by Kirsten Marsh

Claire Cowan: Collaboration By Ballet

by Kirsten Marsh

Claire Cowan: Collaboration By Ballet

Back in 2019 something special happened in the Aotearoa music and ballet worlds. The Royal NZ Ballet toured a fresh new take on Hansel and Gretel, complete with an original music score commissioned from award-winning composer Claire Cowan and world premiere choreography by fellow Kiwi ‘creative tour de force’ Loughlan Prior. Kirsten Marsh spoke with Claire.

Their Hansel and Gretel project took a year to write from the start of 2018, and the pair had worked closely on the narrative elements before Cowan began composing the score.

“We wanted to rewrite the fairytale to have a more realistic and emotional journey. I didn’t want to have so many female antagonists – the Brothers Grimm were a bit misogynistic! There’s always the evil stepmother and the evil witch, every woman apart from Gretel is evil, and even Gretel pushes somebody into an oven.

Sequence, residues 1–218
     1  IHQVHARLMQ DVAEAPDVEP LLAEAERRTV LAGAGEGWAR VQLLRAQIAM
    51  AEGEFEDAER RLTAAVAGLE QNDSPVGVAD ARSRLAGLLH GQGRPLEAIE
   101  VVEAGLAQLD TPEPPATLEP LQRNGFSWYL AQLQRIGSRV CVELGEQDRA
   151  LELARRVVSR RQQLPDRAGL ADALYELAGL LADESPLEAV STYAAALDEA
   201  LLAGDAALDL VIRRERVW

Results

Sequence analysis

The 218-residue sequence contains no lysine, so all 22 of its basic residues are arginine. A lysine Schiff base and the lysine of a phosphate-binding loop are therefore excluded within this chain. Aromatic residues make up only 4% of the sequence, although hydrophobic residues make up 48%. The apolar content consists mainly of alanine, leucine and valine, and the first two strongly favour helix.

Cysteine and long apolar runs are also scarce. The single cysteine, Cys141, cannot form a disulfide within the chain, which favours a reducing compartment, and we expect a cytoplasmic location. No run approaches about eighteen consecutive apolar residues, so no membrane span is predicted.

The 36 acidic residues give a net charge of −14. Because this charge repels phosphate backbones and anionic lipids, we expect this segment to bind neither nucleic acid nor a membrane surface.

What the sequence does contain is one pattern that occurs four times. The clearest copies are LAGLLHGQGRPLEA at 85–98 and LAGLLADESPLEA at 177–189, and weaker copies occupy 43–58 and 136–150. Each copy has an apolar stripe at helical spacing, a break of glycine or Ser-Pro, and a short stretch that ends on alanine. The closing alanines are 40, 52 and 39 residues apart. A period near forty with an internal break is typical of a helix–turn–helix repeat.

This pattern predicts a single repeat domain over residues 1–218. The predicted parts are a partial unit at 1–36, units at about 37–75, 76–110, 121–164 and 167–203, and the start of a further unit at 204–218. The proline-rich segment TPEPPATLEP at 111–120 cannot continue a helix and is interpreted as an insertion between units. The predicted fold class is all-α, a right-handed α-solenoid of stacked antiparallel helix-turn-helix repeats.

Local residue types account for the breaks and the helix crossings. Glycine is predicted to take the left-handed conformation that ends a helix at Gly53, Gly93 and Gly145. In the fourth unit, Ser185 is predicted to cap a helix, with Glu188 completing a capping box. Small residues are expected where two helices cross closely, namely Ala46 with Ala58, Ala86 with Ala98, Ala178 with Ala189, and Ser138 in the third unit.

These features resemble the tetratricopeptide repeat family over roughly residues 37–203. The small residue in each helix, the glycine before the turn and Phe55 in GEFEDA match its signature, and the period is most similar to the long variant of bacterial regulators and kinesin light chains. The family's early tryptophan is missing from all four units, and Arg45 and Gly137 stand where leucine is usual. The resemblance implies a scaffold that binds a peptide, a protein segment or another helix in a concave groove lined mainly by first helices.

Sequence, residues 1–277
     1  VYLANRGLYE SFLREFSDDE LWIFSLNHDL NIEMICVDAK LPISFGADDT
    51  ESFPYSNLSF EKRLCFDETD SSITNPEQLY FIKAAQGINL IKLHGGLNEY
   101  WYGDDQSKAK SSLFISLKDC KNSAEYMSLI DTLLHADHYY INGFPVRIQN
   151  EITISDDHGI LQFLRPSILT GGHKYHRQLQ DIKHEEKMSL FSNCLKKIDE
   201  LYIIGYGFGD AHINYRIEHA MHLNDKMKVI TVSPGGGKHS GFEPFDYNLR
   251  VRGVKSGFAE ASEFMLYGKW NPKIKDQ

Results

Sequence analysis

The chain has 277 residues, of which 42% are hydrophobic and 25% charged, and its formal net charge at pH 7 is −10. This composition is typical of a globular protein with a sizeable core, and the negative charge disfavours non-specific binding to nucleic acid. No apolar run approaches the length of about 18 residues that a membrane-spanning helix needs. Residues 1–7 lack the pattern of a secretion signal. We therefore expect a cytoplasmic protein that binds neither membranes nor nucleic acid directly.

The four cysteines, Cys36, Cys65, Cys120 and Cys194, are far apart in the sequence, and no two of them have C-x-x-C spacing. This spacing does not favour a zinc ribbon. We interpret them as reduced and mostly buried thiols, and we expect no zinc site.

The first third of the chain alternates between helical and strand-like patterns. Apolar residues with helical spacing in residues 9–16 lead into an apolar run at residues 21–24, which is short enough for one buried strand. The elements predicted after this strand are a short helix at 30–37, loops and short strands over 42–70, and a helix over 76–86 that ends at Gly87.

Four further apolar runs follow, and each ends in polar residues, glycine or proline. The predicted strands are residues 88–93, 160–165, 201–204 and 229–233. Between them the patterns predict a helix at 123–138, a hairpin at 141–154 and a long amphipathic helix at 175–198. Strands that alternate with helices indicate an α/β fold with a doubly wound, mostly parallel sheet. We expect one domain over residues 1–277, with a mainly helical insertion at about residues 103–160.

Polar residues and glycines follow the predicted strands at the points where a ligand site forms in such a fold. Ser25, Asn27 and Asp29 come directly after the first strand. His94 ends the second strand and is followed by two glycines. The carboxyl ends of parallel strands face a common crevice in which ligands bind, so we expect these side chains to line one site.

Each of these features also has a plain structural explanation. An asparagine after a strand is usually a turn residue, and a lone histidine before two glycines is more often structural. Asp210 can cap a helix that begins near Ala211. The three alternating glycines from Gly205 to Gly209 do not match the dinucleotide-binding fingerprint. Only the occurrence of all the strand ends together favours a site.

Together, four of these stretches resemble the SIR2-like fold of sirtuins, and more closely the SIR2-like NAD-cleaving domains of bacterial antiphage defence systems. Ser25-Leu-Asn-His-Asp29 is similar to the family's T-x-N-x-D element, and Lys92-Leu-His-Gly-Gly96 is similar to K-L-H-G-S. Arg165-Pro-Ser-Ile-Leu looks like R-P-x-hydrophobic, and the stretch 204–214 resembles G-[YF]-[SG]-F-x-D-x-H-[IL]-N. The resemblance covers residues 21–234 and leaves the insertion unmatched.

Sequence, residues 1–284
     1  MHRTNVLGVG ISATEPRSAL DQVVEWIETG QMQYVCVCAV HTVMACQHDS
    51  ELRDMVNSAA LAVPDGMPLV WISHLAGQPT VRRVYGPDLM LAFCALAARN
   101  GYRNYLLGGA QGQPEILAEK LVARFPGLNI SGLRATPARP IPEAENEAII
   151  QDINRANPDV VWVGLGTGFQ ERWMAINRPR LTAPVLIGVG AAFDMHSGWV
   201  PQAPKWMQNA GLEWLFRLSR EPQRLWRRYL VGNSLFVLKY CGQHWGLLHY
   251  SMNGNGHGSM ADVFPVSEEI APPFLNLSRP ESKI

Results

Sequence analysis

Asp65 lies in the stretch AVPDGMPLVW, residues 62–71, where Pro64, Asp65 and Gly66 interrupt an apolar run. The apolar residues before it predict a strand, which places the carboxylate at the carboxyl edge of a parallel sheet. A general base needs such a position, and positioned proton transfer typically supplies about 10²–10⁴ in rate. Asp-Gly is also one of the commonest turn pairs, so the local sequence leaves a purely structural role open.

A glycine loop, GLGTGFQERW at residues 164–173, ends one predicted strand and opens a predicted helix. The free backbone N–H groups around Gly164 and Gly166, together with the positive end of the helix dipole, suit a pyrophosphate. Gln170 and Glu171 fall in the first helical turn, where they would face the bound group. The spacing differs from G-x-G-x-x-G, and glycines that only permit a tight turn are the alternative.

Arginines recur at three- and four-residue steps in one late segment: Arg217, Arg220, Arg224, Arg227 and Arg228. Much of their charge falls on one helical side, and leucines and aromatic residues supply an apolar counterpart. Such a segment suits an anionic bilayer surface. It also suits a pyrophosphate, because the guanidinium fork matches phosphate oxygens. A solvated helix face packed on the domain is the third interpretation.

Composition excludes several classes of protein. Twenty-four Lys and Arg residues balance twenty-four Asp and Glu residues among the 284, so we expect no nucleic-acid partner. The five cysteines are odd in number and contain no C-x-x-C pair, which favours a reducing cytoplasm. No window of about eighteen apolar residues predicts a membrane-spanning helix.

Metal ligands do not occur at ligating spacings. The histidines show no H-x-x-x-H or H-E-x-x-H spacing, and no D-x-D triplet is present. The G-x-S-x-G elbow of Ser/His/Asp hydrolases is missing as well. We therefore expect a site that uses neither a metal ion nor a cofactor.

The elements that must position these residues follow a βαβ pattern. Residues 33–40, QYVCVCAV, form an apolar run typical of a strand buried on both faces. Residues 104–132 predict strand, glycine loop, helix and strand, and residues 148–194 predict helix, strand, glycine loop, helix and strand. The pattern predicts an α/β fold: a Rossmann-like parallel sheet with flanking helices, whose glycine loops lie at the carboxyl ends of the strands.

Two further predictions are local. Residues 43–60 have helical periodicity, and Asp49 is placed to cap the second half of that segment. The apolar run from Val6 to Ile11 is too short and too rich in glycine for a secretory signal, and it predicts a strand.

“So, for feminism reasons, we wanted to change the story and we also wanted to make it fun and dynamic, and make the story move along at a really good pace.”

The alternative in ballet would be to use existing music, which locks the choreographer into a specific storyline that may not always be as lively and engaging.

So Cowan and Prior wrote the story together, putting in time codes for each scene and breaking each scene down into actions.

“I imagined within those dances what’s actually happening, and created light and shade within that. It can’t just be like walking music for two and a half minutes,” she laughs. “So I imagine shadowy things passing over, and then they hear a weird bird… and I fill in all the details in my head.”